Brigham Young University’s (BYU) likely exit from the West Coast Conference (WCC) to the Big 12 will force membership changes at the West Coast Conference. Not only is BYU the conference’s second-best hoops program (behind Gonzaga, of course) but the Cougars have won eight consecutive WCC Commissioners Cup titles for all-around athletic success. Sound familiar? Denver rakes in the national Directors’Cup for all of Division I non-football schools on an annual basis.
The loss of BYU is a concern to flagship member Gonzaga University, the best mid-major basketball program in the country. Gonzaga needs BYU’s strong national ranking (RPI) in the conference to bolster their national hoops aspirations. There is a risk, slight as it may be, that the falling dominos may even mean the eventual exit of Gonzaga. They nearly bolted to the Mountain West several years ago. But frankly, the rest of the conference, outside of St. Mary’s, is much more like Denver with a focus on Olympic sports and struggling-to-middling basketball programs. Surely, if DU is to fill the open vacancy, fans need to look no further than new hoops coach Jeff Wulbrun to make DU hoops ‘presentable’ and not a competitive embarrassment. Yes, this story isn’t new but now more than ever, Denver needs to flex their hoops muscles.
As for the other sports, Pepperdine finished right behind Denver in Directors’ Cup standings this past academic year and their men’s golf team won the national title. Santa Clara women’s soccer won the national championship and a host of WCC teams were ranked at or above Denver in nearly all the sports DU sponsors. The only thing Denver has to lose is, possibly, the national Directors Cup title in a conference that values Olympic sports and is stronger top-to-bottom than the Summit League.
One should assume with one or two possible openings in the WCC, Denver will be on the shortlist along with former WCC member institution Seattle University. Gonzaga is said to be blocking SU from rejoining the conference to protect their interest in the state of Washington. Still, it’s hard to believe that four hours of separation would create enough reason to block the Redhawks from entry indefinitely. It is likely, however, that poor basketball programs have stifled both Seattle’s and Denver’s efforts to join the WCC in the past.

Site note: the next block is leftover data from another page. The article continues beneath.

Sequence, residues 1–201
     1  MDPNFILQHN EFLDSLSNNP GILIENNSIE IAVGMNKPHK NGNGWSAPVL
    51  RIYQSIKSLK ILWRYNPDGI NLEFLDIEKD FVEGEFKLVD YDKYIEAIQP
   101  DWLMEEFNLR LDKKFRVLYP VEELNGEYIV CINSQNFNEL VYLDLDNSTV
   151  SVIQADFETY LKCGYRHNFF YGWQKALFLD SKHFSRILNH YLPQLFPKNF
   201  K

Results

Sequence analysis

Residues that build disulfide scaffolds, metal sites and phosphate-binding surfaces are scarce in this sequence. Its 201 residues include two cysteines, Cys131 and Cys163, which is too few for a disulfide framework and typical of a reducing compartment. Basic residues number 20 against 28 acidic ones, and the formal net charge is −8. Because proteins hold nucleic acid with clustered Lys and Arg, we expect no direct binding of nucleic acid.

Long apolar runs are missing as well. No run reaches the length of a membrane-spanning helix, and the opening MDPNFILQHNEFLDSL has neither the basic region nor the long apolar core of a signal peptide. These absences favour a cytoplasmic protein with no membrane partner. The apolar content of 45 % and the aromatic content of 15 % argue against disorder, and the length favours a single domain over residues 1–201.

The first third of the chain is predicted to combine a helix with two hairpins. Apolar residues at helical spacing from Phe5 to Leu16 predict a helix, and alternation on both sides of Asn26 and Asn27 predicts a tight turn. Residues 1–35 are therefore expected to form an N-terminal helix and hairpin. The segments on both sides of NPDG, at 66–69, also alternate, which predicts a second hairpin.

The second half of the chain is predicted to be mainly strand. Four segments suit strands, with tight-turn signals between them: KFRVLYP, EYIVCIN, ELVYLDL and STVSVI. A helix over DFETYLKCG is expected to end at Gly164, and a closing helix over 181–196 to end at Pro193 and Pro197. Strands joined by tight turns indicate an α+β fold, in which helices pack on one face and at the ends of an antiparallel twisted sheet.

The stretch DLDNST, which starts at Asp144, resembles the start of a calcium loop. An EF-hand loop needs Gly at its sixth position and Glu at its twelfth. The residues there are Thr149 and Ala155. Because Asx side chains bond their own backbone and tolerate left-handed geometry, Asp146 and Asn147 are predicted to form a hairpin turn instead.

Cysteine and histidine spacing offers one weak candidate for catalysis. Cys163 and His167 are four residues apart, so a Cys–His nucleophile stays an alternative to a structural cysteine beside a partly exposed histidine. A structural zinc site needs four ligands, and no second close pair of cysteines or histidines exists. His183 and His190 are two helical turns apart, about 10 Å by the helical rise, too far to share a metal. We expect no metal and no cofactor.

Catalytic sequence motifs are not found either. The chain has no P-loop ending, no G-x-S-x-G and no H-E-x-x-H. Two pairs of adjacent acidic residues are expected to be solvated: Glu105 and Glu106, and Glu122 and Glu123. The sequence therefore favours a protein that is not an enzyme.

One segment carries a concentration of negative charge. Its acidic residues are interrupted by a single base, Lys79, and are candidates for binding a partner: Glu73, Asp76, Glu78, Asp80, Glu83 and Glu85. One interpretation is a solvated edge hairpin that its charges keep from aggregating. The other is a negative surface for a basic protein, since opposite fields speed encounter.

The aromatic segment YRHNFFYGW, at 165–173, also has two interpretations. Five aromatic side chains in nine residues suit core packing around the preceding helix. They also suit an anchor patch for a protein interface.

I know it’s worked well for us for all these years being in the WCC, but if BYU is gone, I really don’t see how staying is the best decision… I don’t know what the right move will be, but I feel pretty confident it’s not the WCC (unless they pull off a crazy expansion)
— Zag Talk Podcast (@ZagTalk) September 3, 2021
Seattle is a geographic outlier in the 13-team football-centric Western Athletic Conference (WAC). In an email obtained by Out of Bounds, “one WAC AD, citing a conversation with WAC Commissioner Jeff Hurd, referenced administrators in the conference who have ‘the desire to eliminate a geographic outlier,’ in regards to the Seattle University.” Not only does Seattle not field a football team, but they are also nearly 900 miles away from their nearest conference competitor. Expect them to make a desperate run at WCC membership.
When BYU announces their acceptance of the Big 12’s invitation, the nine-member conference and their respective presidents will likely decide on adding a member to balance the conference. Should Gonzaga remain, they will have a large say in who enters the conference. In 2018, Gonzaga embarrassed Denver in a 101-40 basketball rout, their largest margin of victory in program history – after they called off the dogs in the second half. Denver must now show that they are serious about being competitive in basketball because the WCC brand includes basketball teams that perform above other mid-major conferences. Fortunately for Denver, Seattle can’t seem to get untracked on the basketball court either.
It’s worth hoping that Denver Vice Chancellor for Athletics and Recreation Karlton Creech is on the phone regularly with WCC commissioner Gloria Nevarez telling her that DU can chew gum and dribble at the same time. Denver likely has this academic year and basketball season until next summer to prove they are a serious candidate.